With 3% cargo traffic growth, ports prepare to meet FY18 target volumes

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The cargo traffic growth of 3.64 per cent during April-December has prompted country's major ports to either redefine their business strategies or iron out glitches within business operations in order to become strong revenue generators and not just remain plain volume contributors.

According to the data put out by Indian Port Association (IPA), the country's 12 major ports handled 499 million tonne cargo during the nine months compared to 481 million in the corresponding period last year. While major ports, such as Paradip and Cochin, continued to remain strong volume contributors, port entities like Mumbai Port and Mormugao were in the negative territory. 

“We being a city-based port, are redefining our business strategy to incorporate even the city and tourism projects along with clean cargo share of Ro-Ro (Roll-on and Roll-off) apart from pure industrial cargo,” deputy chairman Yashodhan Wanage told Business Standard. “While we will continue to have liquid, coastal and project cargoes like steel and cement (needed for the infrastructure of Mumbai city), we are betting big on Cruise tourism and also high-realisation Ro-Ro service of cars to improve our earnings,” he added.

The port has a cargo volume target of 63 million tonne for the current financial year and until December the port has garnered nearly 50 million tonne. “Ro-Ro service of cars is a high value business and not volume. We have already grown 25 per cent on year-on-year basis in this segment. Going ahead we plan to increase this share,” he added. 

The Mumbai port is also restructuring its offshore container terminal and will be deepening its draught to 14 mteres from 10.5 meters at present in order to handle containers coming from JNPT for city's cargo consumption.

“We are also giving out our non-core business area of dry-docking to Cochin Shipyard which will earn us Rs 15 crore revenue per annum and save employee cost as the shipyard will be taking over the staff in that facility,” said Wanage.

Just as the Mumbai Port is turning agile to cater to the city's needs keeping revenue growth in mind, east coast-based Paradip port is making efforts to improve business operations in order to maintain the already high cargo volume growth.

“We have shifted to automation of entry-exit points from manual earlier and this has improved our turnaround time drastically,” SK Mishra, traffic manager at Paradip Port said.

“Passage of trucks has more than doubled to 700 daily from about 300 trucks earlier,” he added.

Paradip is a bulk cargo port, which handles mainly thermal coal used by power plants on the east coast. According to Emkay Global report, coal volume growth at Paradip port in December was up 71 per cent on year-on-year basis.

The Jawaharlal Nehru Port on the other hand, due to its increased traction in Direct-Port-Delivery service is managing to clock higher volumes. According to the JNPT website, the share of DPD volume handled in December 2017 has gone up to 36 per cent from 27 per cent in February of the same year.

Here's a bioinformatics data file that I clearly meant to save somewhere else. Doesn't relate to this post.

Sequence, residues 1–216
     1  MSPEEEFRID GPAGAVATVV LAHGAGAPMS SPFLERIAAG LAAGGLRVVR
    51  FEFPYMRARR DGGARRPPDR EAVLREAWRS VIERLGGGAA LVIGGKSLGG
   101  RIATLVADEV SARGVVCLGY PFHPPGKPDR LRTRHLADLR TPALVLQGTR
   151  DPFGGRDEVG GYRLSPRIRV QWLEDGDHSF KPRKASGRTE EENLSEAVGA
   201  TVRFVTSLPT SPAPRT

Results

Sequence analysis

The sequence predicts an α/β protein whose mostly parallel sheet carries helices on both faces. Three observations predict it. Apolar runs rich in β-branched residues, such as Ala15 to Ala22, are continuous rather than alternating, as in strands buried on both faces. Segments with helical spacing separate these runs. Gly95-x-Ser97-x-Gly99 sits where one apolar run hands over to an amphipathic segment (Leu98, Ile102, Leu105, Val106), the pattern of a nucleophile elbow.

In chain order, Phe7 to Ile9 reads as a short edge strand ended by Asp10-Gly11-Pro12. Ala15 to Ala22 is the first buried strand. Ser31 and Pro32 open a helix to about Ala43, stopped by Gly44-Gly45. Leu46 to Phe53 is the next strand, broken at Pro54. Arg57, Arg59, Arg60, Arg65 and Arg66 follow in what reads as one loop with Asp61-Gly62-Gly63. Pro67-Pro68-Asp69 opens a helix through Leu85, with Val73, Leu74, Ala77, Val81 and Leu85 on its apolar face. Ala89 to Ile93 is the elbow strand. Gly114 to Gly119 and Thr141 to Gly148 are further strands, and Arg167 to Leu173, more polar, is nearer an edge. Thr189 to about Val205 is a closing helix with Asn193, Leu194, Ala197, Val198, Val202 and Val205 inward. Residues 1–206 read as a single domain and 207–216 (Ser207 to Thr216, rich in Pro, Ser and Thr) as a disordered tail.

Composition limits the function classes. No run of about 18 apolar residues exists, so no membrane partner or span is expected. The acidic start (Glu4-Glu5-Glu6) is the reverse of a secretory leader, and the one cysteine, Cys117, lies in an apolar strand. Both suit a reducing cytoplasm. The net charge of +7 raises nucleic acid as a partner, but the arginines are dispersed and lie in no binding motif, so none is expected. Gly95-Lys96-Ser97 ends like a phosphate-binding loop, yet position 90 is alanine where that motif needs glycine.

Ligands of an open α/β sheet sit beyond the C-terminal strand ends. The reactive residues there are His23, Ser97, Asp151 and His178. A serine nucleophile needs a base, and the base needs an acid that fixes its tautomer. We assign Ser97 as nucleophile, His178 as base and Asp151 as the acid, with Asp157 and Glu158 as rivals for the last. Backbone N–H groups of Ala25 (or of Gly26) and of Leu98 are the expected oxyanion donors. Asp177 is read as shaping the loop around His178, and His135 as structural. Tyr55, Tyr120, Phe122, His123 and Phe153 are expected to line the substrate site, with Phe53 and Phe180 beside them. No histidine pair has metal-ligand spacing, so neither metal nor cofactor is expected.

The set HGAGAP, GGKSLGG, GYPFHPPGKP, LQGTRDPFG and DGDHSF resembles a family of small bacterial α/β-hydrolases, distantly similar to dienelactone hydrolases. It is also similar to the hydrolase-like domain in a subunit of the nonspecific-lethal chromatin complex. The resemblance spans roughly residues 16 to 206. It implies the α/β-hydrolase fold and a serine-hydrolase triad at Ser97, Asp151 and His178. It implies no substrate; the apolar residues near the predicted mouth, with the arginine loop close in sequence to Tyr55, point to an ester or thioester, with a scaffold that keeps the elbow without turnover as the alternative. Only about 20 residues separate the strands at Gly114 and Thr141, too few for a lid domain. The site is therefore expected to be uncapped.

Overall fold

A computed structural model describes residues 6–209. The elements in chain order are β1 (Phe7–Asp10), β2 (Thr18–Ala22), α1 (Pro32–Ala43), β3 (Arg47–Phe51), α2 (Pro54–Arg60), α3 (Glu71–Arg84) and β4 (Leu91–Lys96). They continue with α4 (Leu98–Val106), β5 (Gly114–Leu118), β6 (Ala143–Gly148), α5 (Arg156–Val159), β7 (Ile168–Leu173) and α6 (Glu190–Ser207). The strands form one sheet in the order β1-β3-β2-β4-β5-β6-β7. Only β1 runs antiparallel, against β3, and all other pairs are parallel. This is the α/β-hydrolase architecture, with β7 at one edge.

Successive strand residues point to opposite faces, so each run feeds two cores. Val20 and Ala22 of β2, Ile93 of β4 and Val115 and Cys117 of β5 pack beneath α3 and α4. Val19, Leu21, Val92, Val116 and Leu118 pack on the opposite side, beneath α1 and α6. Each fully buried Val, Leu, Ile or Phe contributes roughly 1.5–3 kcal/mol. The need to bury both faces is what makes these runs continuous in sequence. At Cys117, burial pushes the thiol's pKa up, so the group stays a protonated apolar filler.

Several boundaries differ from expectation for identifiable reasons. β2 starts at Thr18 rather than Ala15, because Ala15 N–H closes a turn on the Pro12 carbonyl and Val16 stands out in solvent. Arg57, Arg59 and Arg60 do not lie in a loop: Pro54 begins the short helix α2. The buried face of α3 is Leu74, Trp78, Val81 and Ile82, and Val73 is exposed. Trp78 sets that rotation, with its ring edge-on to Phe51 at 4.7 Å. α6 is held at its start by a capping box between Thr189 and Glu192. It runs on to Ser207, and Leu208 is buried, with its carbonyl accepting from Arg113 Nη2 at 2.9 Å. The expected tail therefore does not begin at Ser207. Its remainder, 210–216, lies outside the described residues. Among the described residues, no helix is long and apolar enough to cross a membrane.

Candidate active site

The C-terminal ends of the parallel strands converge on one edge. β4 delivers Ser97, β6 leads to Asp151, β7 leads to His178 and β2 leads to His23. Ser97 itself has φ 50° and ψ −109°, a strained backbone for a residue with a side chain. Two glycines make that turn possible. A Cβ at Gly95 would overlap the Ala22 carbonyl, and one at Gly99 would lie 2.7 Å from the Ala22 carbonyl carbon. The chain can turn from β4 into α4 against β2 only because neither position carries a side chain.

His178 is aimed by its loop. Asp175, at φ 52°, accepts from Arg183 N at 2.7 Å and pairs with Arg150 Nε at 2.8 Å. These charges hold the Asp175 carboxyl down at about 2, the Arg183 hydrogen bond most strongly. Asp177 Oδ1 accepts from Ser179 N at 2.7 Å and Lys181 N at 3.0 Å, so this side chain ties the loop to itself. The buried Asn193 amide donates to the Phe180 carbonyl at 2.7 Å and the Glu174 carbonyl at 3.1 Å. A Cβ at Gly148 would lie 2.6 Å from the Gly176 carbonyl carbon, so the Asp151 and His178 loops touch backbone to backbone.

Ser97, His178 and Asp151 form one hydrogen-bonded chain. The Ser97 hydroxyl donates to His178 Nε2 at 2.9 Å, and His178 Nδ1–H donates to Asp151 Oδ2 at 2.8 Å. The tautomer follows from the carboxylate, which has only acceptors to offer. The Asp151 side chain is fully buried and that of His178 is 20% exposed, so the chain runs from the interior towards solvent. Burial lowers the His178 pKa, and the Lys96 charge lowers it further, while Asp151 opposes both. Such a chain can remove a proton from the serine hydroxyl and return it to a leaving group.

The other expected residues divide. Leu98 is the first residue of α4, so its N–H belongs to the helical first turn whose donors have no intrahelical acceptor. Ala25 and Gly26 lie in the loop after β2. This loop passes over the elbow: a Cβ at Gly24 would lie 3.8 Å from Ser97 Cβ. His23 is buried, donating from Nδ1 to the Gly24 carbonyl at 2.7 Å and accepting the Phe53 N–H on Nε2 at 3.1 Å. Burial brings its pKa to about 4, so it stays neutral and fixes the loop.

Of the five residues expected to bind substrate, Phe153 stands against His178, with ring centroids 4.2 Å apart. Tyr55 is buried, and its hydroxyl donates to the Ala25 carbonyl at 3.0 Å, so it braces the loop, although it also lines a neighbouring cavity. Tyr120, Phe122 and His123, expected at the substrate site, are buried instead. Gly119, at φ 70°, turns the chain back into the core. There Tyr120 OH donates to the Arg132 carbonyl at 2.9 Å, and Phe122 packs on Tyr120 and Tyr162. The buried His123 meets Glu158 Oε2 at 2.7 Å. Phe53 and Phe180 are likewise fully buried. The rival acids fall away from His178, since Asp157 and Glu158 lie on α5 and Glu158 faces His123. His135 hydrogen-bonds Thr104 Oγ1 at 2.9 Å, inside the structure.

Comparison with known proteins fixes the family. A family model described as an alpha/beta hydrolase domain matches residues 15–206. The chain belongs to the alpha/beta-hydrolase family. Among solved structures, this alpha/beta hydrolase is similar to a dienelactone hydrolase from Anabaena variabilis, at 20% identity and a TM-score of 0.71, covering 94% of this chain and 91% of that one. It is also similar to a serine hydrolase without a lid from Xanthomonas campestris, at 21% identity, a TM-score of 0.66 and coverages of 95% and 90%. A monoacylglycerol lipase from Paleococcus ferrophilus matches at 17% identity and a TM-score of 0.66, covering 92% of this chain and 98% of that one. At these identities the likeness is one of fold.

“JNPT continues to adopt trade friendly measures to further increase trade from the port in an efficient and economical way. The rise in DPD share too indicates that JNPT is well placed to achieve the target of 40 per cent as directed by the government and the Ministry of Shipping," Neeraj Bansal, deputy chairman said. 

In the period under review, container traffic at the major ports was up 7.5 per cent to 6.8 million TEU with JNPT contributing six per cent growth on year-on-year basis, Cochin at 11 per cent and Chennai at 4 per cent were major drivers. 

However, not all major ports have managed to tide over the situation and infact are subjected to the vagaries of trade patterns.

“Last year, rail rakes were idling but this year we are short of rail rakes which is creating an evacuation problem for us at the port amid increased imported coking coal volume,” said PL Haranadh, deputy chairman of Vishakhapatnam Port. “The requirement is of 16-17 rakes per day but we are getting only 10 rakes daily,” he added.

Increased imports of coking coal by Bhillai steel plant of Steel Authority of India has unusually pushed up bulk cargo volume of the port. “Bhillai will be importing another 1.5 million tonne of coking coal in the final quarter of this year as there is a strong revival in domestic steel production. Evacuation, which has already become a problem, will have to be tackled strongly. We are looking to get more rakes to lift the cargo,”  Haranadh said.

Alongside, Kamarajar Port (erstwhile Ennore Port) which has witnessed 1.72 percent drop in cargo growth in Apr-Dec when compared to same period last year, is hoping to close the year on a postive note.

“Demand for imported coal has dropped since the requirement of wind energy has picked up. Also, some amount of coal is moving via Tuticorin instead of Kamarajar which has also lowered our volumes,” said A Karuppiah, traffic chief manager of Kamarajar Port. “We are hoping to end the year with atleast 5 per cent higher cargo volume than previous as some new cargo in the container and breakbulk segment is likely to be handled at the port this year,” he added.

With just the final quarter remaining for all major ports to meet their cargo volume targets for the financial year, it will be interesting to see how the 12 major ports garner higher cargo share amid sticky logistical issues and unpredictable trade pattern. 

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